Democratic elected officials, from district attorneys to Gov. Kathy Hochul, cheered President Joe Biden's federal rule change issued Monday to crack down on hard-to-trace firearms that have been blamed on shootings across the state. 

The move is meant to address guns that can be assembled using kits, and are often difficult for law enforcement to track after the firearm is believed to have been used in a crime. 

New York officials have sought to crack down on the manufacturing of the weapons and have shuttered websites that sell the kits. 

“In New York, we have taken significant action to crack down on gun violence, taking more than 2,700 guns off our streets and shutting down websites that sell ghost guns in New York," said state Attorney General Letitia James. "But our efforts can only go so far if these untraceable weapons are not effectively regulated at the federal level."

These types of guns have been increasingly recovered at crime scenes, said Queens District Attorney Melinda Katz.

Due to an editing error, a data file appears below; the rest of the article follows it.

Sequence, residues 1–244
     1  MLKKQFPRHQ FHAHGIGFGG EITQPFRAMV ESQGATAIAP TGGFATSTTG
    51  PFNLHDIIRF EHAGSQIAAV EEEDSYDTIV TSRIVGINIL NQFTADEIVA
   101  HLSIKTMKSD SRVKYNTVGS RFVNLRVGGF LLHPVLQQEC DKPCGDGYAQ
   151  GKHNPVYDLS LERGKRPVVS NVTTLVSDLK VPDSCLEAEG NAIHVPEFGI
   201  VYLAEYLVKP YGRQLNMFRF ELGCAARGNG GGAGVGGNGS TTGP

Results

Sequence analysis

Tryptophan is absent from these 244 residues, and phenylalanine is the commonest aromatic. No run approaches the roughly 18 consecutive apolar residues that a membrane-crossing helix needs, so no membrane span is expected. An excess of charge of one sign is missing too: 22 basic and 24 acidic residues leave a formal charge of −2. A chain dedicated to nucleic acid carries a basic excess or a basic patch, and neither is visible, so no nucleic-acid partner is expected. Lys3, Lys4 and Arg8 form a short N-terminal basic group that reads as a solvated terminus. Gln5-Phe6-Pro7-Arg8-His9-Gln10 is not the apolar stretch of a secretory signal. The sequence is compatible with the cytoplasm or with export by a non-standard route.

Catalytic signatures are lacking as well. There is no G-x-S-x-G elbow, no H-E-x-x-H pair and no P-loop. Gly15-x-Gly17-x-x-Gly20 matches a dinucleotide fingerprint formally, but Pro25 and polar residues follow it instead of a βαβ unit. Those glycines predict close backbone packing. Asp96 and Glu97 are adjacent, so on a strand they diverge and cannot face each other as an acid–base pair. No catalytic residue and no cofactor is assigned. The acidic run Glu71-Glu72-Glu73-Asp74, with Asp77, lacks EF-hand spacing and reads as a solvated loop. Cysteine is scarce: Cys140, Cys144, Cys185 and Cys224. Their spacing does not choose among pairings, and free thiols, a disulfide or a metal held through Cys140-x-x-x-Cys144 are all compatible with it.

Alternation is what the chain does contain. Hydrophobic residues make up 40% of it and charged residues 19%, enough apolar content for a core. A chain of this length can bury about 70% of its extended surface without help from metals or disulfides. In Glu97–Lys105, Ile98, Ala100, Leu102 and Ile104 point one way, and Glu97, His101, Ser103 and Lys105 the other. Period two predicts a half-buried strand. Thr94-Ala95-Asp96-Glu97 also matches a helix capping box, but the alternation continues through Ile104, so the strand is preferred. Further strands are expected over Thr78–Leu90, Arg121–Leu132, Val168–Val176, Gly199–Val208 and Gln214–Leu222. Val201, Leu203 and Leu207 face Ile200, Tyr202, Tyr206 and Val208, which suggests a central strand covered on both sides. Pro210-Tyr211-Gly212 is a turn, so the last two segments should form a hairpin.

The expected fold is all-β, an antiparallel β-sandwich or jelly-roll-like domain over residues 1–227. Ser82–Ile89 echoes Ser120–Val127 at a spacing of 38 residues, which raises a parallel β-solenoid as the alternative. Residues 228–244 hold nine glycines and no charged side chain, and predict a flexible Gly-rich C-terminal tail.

"Mandating manufacturer licenses and component serial numbers on ghost guns will help keep us safe and allow for greater accountability when these weapons are used to wreak havoc on our communities," Katz said in a statement. "We commend the efforts of the Biden administration on gun safety."

State officials have over the last several months sought to address growing concerns surrounding shootings in the state. Hochul's administration in February launched a multi-state task force, composed of local, state and federal law enforcement officials, as part of an effort to stem the flow of illegal guns into New York. 

"No one should be able to circumvent the process to gain access to deadly weapons, especially those that take just 30 minutes to assemble and whose parts often cost less than $100," Hochul said.

Her office last week announced 1,753 firearms have been removed from the streets as part of the task force's early efforts.

The National Rifle Association, meanwhile, said the move by the Biden administration is an empty one without first taking people who commit crimes off the streets.